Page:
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Political sex scandals: a new frontier in gender equality

by Katie Prisco-Buxbaum / Beacon Staff • November 29, 2012

Beltway hanky panky a measure of feminist progress.
Beltway hanky panky a measure of feminist progress.

Another political giant has been caught with his pants down. Literally.

From former presidents to former CIA director General David Petraeus, men in power can’t seem to keep their hands to themselves and off of their interns, biographers, and/or local prostitutes. In the latest string of scandal, David Petraeus resigned as head of the Central Intelligence Agency after a confusing web of inappropriateness that involves his biographer Paula Broadwell, volunteer military social liaison Jill Kelley; General John R. Allen who leads command in Afghanistan; and at this point, quite possibly; Miss Scarlet in the library with the candlestick. 

The list of philandering politicos is too long to list — with contemporary examples including Arnold Schwarzenegger, Eliot Spitzer, John Edwards, and Bill Clinton — yet when it comes to powerful female leaders, you rarely see any wearing a scarlet A. Why don’t more ladies risk it all to “have it all”: the career, the husband, the kids, and the extramarital affair? As much as I would like to deduce that women are the fairer sex, I believe that the reason women are less likely to be caught getting frisky is simple: patriarchy.

In April, a study published  in Psychological Science suggested that power, not gender, is the most significant determining factor in whether a professional will cheat; but since fewer women hold these positions in the first place, there are fewer of them involved in sex scandals. Despite recent gains with a historic 20 women in the Senate, women still represent far less than 50 percent of Congress, hold only 77 seats in the House, and there are only three ladies with cabinet positions. The public sees fewer powerful women cheat because there are fewer. 

The study suggests women do not engage in extramarital affairs because they don’t feel as invincible as men in equal positions. They are paid less in almost all career fields with the pay gap beginning at college graduation. They have to fight harder for promotions and leadership positions, and they often face rampant sexism on their way to the top. 

For justifiable proof, look no further than the Missouri Senate race this year in which Claire McCaskill was scolded by her opponent for being “unladylike” in a debate or when reporters asked Nancy Pelosi if she was too old to serve as minority party leader. Women face enough backlash just by being a strong female in a powerful role. Women still face the “he’s a stud, she’s a slut” double standard that can be seen in Reuter’s Nov. 12 coverage of the Petraeus brouhaha entitled “Three women intertwine in downfall of David Petraeus.” This stigma can be a powerful deterrent for women who see just how far they can fall, not having the ability to bounce back as well as most male adulterers after the immediate consequences. Many of them don’t possess the brash confidence that leads men running the country, the world to risk it all for some hanky panky.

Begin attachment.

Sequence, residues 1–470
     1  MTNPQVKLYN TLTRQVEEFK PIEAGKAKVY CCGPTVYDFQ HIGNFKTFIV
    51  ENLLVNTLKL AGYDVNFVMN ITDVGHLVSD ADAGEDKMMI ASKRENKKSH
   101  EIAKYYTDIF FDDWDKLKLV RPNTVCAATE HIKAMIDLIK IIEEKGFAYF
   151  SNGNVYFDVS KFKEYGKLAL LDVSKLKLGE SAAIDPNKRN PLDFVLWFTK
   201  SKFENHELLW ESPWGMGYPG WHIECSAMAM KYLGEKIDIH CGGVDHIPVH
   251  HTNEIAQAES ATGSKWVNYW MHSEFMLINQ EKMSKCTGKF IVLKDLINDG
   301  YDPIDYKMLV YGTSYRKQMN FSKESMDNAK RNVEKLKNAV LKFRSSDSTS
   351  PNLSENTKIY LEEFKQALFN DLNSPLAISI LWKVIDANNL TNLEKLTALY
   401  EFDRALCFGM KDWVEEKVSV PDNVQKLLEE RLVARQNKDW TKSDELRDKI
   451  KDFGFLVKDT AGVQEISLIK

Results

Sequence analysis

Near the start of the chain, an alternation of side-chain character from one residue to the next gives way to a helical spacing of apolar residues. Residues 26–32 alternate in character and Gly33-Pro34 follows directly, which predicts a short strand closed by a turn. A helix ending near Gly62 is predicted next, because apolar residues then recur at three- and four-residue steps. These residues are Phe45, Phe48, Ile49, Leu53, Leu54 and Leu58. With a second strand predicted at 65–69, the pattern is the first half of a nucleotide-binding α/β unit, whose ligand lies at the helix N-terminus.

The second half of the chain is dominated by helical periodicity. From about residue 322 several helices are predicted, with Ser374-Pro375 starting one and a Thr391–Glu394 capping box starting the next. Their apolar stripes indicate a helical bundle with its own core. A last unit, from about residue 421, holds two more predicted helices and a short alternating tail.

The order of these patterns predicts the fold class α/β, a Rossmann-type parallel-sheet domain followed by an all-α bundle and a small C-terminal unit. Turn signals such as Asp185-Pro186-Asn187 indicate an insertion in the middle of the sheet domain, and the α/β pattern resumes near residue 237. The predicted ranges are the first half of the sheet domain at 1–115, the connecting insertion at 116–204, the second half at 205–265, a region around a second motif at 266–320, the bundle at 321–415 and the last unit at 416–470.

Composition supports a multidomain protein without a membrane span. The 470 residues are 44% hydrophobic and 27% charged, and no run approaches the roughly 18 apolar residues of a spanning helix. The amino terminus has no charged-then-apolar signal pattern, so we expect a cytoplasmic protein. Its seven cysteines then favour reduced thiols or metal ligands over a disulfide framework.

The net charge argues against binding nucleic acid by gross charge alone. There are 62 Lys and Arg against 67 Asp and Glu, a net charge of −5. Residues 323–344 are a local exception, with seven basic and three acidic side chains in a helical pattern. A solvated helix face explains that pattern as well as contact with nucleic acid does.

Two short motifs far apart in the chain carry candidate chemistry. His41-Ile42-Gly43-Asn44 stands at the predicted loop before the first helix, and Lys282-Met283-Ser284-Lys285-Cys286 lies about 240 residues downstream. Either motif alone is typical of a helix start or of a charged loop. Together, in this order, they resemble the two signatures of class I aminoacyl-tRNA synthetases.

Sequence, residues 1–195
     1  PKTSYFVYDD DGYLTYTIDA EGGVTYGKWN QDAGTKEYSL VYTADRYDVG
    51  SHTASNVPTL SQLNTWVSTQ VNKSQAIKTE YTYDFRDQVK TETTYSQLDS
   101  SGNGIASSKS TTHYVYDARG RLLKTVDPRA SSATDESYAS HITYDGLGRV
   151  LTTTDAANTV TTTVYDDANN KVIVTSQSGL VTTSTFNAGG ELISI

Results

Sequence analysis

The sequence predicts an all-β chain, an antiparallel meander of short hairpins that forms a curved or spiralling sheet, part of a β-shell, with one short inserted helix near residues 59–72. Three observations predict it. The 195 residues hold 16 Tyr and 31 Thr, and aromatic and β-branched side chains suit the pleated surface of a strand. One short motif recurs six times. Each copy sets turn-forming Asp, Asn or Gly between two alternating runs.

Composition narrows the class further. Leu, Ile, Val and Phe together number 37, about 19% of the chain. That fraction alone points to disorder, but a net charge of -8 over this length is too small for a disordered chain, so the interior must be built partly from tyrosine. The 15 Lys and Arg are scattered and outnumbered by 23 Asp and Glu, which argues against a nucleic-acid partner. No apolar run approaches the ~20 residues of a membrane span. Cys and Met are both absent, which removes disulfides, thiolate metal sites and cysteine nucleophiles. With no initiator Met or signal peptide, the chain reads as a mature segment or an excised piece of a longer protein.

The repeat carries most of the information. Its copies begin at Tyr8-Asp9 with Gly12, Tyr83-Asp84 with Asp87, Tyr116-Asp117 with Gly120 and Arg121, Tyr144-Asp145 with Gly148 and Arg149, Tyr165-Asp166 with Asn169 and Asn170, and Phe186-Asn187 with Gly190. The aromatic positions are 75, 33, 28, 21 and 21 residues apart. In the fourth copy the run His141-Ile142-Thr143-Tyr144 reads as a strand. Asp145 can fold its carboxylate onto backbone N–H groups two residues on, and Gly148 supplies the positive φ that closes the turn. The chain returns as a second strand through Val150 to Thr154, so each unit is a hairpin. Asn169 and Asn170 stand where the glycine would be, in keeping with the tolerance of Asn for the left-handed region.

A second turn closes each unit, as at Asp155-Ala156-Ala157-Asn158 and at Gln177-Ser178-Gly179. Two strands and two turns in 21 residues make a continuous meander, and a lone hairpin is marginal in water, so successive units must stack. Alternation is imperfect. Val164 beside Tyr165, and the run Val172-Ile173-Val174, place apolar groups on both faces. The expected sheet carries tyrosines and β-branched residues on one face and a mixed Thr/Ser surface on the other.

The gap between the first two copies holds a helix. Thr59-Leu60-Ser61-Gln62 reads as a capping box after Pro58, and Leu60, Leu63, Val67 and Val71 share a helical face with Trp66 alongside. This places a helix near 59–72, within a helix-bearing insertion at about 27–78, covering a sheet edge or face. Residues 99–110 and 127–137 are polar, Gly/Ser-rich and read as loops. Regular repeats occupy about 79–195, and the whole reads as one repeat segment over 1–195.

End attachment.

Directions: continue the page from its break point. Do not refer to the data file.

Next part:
For example, former President Bill Clinton’s political celebrity was hardly bruised by his wrongdoings, and this election was courted by candidates across party lines. Wondering where America’s favorite intern Monica Lewinsky is? She recently reported that she will be releasing a book about the affair and several love letters, claiming that no one would hire her after her discretions in the oval office. 

The aforementioned study, conducted by the Tilburg Institute for Behavioral Economics Research, concluded that, “As more and more women are in greater positions of power and are considered equal to men, then familiar assumptions about their behavior may also change. This may lead to increased negative behaviors among women that in the past have been more common among men.” This suggests as females truly become more equal in the professional world, there will actually be more female sex scandals gracing headlines and fueling witty office banter. 

Maybe in the next century, we will be impeaching our third female president for getting caught under her desk with an entry level employee or scolding female CIA agents for having wild sex orgies on the job. Until the culture and representation changes, however, it seems unlikely that women will have the confidence associated with this type of scandal to believe that no one will find the thousands of inappropriate emails documenting every stage of the affair. Even adultery has a glass ceiling.